Grilningen primary school near Zurich, Switzerland, was built 20 years ago, and energy consumption, in particular for heating and lighting, was unnecessarily high. An unconventional retrofitting procedure involving new chip-wood furnace, interior insulation, mass-coupled ventilation and controlled artificial lighting was adopted. The work was carried out without interruption of normal school operation. The results are very promising and measurements indicate a drop in heat consumption of 70% with standards of comfort raised considerably.
The Jandel school in southern Sweden was thoroughly retrofitted in 1994-95. Both lighting and ventilation systems have been designed for high energy efficiency. New windows with excellent insulating performance have been installed. A before and after comparison shows that the energy required for heating has been reduced from about 210 k Wh/m2 to about 94 k Whlm2 a year, i.e. a reduction of about 55%. Electricity for building services systems has decreased by about 20%, despite the fact that considerably more computers are used in the school today than prior to rebuilding.
Many post-war residential buildings in the Netherlands have collective heating systems with poor energy efficiency. Also ventilation and DHW systems usually do not comply with current requirements. In Heerlen, the Netherlands, a demonstration was carried out in the framework of the EC-THERMIE programme in a residential building where the collective heating, DHW and ventilation systems are replaced by individual multi-functional appliances. These appliances are a recent development in the Netherlands, integrating different service functions.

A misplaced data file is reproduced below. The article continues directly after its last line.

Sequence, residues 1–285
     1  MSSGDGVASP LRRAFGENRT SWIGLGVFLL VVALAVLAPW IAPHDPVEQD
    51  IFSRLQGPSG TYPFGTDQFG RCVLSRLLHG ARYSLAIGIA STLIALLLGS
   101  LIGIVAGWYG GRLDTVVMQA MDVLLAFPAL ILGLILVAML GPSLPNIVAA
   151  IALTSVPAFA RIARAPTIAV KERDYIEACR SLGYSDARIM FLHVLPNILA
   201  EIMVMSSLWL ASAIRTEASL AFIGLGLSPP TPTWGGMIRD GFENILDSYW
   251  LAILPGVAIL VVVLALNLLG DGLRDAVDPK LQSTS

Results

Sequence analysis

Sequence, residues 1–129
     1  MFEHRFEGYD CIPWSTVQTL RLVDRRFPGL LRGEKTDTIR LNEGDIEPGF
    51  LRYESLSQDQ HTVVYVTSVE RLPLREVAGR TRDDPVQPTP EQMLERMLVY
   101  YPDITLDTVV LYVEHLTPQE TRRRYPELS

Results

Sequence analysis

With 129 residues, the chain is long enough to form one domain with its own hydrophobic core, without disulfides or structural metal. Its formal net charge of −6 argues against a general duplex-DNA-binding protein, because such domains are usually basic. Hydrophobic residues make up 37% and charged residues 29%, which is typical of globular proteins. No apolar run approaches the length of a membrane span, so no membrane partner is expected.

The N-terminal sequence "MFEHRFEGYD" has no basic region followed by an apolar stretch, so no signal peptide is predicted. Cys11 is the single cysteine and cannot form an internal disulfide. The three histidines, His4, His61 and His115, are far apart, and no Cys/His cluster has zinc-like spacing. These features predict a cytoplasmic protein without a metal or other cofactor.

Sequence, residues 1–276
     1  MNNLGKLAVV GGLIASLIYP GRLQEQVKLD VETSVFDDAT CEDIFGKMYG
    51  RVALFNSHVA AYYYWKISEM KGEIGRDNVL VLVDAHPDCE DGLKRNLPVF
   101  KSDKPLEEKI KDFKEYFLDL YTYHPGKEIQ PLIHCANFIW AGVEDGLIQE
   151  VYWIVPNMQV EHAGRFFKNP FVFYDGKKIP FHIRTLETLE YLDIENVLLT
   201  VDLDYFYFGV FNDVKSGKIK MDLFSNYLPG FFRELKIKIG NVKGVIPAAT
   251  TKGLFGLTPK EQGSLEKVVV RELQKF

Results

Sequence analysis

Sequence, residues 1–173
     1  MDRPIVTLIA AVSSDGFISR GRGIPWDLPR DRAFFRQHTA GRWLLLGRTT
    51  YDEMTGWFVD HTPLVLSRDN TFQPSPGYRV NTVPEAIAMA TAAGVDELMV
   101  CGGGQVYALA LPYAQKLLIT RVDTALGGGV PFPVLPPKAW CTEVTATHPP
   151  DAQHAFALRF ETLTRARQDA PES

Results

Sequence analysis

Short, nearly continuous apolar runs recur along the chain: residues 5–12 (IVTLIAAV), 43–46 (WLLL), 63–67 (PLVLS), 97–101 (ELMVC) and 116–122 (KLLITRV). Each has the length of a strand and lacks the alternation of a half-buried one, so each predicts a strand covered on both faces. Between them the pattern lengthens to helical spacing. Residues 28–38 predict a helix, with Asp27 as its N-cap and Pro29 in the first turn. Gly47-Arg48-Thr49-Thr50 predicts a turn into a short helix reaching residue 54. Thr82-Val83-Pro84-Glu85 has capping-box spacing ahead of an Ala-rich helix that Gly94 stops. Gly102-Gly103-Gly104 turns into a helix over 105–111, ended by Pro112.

In an effort to optimize the energy performance of existing single-family housing, the Advanced Retrofit pilot program was sponsored by Massachusetts Electric and administered by Conservation Services Group. The intent of the program was to advance the direction of energy conservation by achieving the highest energy savings possible, by combining field experience with innovative technologies in electrically heated homes. Cost-effectiveness was not a constraint in this pilot program.